Gornja Radgona Castle

Gornja Radgona, Slovenia

Gornja Radgona Castle was built sometime between 1147 and 1182, and served as an important fortress on the border of Styria with Hungary. The town of Gornja Radgona grew up at the base of the hill upon which the castle is built. The castle is mentioned in 1265 as having 40 subservient villages with 355 farms.

In the late 15th century it was the property of one Hans von Stutenberg, who joined Andreas Baumkircher in a rebellion against Emperor Frederick III. When the rebellion failed, the emperor seized the castle. In 1479 it was occupied by troops loyal to Matthias Corvinus who kept control of the castle until Corvinus' death in 1490. Subsequently it was owned by the emperor but leased to different castellans for a long time. In the late 16th century, it underwent a thorough reconstruction.

In 1623 Emperor Ferdinand II sold the castle to Hans Ulrich von Eggenberg. It remained within the Eggenberg family until 1717, when it befell Leopold, count of Herberstein through marriage. In 1789, he sold it to the count of Wurmbrand and it then stayed in the same family until 1914. In 1931, Slovenian authorities took over the castle itself; it has since served a number of purposes. It was damaged in 1945 during World War II but later repaired. It is today rented out and used as a private residence.



Your name


Founded: 1147-1182
Category: Castles and fortifications in Slovenia


4.5/5 (based on Google user reviews)

User Reviews

Branko S. (3 years ago)
Ludvik Jonaš (3 years ago)
Milan Herzog...
Miklós Könczöl (3 years ago)
A very interesting castle, in good condition. Recently renovated, with the chapel showing the original (post-1970s) condition. A small exhibition showing the history of the building, and several refurbished rooms. The latter may be less interesting, except for those about the owner, a Switzerland-based Slovenian businessman, who apparently saved the castle from perishing. Very helpful staff, offerin explanation about the castle in German. Certainly worth the visit and the modest entry fees.
Andrea Kondor (3 years ago)
It's a beautifully restored castle, the owner is very friendly and even gave a tour and tasting of the wine he produces.
Marion Saringer (4 years ago)
Wonderful newly renovated castle :)
Powered by Google

Featured Historic Landmarks, Sites & Buildings

Historic Site of the week

Palazzo Colonna

The Palazzo Colonna is a palatial block of buildings built in part over ruins of an old Roman Serapeum, and has belonged to the prestigious Colonna family for over twenty generations.

The first part of the palace dates from the 13th century, and tradition holds that the building hosted Dante in his visit to Rome. The first documentary mention notes that the property hosted Cardinal Giovanni and Giacomo Colonna in the 13th century. It was also home to Cardinal Oddone Colonna before he ascended to the papacy as Martin V (1417–1431).

With his passing, the palace was sacked during feuds, and the main property passed into the hands of the Della Rovere family. It returned to the Colonna family when Marcantonio I Colonna married Lucrezia Gara Franciotti Della Rovere, the niece of pope Julius II. The Colonna"s alliance to the Habsburg power, likely protected the palace from looting during the Sack of Rome (1527).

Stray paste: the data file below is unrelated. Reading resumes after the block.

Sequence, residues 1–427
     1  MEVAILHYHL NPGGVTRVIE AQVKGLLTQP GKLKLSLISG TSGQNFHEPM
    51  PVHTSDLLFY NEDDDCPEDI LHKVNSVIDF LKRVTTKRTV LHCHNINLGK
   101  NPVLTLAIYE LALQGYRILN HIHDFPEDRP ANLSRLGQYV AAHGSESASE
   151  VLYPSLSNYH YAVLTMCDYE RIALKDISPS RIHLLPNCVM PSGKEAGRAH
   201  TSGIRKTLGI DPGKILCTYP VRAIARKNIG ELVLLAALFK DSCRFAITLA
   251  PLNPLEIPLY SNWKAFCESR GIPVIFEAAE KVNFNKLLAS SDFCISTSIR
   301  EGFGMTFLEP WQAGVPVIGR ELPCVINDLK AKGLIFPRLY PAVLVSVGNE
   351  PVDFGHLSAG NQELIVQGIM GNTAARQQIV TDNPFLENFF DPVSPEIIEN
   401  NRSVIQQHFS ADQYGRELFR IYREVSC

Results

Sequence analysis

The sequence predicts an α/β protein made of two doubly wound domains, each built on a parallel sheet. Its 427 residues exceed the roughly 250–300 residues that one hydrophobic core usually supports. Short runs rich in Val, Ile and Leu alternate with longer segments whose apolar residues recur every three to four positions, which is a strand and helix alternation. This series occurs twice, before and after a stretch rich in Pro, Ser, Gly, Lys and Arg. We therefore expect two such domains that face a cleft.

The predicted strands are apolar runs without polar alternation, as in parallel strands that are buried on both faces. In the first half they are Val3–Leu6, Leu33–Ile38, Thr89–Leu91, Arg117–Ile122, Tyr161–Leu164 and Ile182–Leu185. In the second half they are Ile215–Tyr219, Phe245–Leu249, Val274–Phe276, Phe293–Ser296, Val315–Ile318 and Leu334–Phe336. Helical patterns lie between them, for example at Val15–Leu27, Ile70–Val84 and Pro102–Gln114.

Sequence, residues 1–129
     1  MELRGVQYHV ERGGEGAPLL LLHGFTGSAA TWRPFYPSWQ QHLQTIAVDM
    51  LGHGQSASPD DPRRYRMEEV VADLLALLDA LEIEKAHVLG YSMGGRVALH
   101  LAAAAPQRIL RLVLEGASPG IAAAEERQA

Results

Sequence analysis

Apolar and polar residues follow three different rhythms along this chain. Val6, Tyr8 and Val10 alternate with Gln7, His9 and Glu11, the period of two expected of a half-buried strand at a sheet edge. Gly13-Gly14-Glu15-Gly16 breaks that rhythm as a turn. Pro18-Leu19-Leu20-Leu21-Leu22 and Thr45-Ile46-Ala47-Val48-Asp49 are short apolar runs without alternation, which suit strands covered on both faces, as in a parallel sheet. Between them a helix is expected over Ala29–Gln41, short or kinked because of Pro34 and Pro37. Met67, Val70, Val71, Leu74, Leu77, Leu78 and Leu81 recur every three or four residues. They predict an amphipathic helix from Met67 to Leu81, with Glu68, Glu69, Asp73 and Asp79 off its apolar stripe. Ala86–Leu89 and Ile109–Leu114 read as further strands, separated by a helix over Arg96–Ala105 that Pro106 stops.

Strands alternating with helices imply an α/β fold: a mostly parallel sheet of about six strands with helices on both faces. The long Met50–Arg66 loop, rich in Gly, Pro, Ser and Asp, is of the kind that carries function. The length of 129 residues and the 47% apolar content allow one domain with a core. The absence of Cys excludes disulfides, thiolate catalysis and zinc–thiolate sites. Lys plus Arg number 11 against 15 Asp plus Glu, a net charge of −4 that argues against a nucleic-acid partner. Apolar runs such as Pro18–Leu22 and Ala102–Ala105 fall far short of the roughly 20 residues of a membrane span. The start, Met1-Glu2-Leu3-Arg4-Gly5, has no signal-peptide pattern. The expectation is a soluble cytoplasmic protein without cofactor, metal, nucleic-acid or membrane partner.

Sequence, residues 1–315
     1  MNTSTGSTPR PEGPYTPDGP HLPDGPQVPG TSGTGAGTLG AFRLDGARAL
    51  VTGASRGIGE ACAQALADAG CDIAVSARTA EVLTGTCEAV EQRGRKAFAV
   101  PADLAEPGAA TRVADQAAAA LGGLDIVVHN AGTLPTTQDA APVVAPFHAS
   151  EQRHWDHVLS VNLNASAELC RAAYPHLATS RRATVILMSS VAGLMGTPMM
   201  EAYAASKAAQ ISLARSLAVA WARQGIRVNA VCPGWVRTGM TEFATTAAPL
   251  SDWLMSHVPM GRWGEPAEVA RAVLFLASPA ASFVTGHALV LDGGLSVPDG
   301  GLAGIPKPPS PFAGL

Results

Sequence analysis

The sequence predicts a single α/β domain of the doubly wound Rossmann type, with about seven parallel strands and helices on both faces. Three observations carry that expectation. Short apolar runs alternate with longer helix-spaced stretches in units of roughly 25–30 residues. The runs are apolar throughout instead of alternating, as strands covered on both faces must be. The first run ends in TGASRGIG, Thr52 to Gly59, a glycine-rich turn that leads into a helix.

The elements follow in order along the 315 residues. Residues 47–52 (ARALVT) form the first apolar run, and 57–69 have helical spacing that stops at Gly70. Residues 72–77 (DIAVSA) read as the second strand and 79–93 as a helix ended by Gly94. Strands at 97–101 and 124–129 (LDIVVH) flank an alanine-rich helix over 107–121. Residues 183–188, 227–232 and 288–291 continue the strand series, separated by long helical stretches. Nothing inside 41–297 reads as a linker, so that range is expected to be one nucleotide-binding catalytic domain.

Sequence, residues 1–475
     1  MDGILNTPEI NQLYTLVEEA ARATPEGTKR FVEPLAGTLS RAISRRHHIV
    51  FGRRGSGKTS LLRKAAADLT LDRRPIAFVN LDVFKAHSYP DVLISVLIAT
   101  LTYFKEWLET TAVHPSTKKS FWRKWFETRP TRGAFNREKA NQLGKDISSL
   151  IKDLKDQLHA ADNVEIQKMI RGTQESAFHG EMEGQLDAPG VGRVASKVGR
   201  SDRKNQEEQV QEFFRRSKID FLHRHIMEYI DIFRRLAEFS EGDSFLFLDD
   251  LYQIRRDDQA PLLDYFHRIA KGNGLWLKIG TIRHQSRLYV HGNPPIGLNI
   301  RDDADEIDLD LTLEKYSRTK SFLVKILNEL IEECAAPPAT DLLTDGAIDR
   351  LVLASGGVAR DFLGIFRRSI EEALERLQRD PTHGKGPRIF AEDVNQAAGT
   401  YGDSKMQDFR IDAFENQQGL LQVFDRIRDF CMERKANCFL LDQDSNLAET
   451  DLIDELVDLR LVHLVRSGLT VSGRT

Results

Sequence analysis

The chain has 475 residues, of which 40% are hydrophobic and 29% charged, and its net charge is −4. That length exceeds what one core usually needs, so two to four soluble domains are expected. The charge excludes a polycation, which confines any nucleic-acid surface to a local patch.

Starting with Filippo Colonna (1578–1639) many changes have refurbished and create a unitary complex around a central garden. Architects including Girolamo Rainaldi and Paolo Marucelli labored on specific projects. Only in the 17th and 18th centuries were the main facades completed. Much of this design was completed by Antonio del Grande (including the grand gallery), and Girolamo Fontana (decoration of gallery). In the 18th century, the long low facade designed by Nicola Michetti with later additions by Paolo Posi with taller corner blocks (facing Piazza Apostoli) was constructed recalls earlier structures resembling a fortification.

The main gallery (completed 1703) and the masterful Colonna art collection was acquired after 1650 by both the cardinal Girolamo I Colonna and his nephew the Connestabile Lorenzo Onofrio Colonna and includes works by Lorenzo Monaco, Domenico Ghirlandaio, Palma the Elder, Salviati, Bronzino, Tintoretto, Pietro da Cortona, Annibale Carracci (painting of The Beaneater), Guercino, Francesco Albani, Muziano and Guido Reni. Ceiling frescoes by Filippo Gherardi, Giovanni Coli, Sebastiano Ricci, and Giuseppe Bartolomeo Chiari celebrate the role of Marcantonio II Colonna in the battle of Lepanto (1571). The gallery is open to the public on Saturday mornings.

The older wing of the complex known as the Princess Isabelle"s apartments, but once housing Martin V"s library and palace, contains frescoes by Pinturicchio, Antonio Tempesta, Crescenzio Onofri, Giacinto Gimignani, and Carlo Cesi. It contains a collection of landscapes and genre scenes by painters like Gaspard Dughet, Caspar Van Wittel (Vanvitelli), and Jan Brueghel the Elder.

Along with the possessions of the Doria-Pamphilij and Pallavacini-Rospigliosi families, this is one of the largest private art collections in Rome.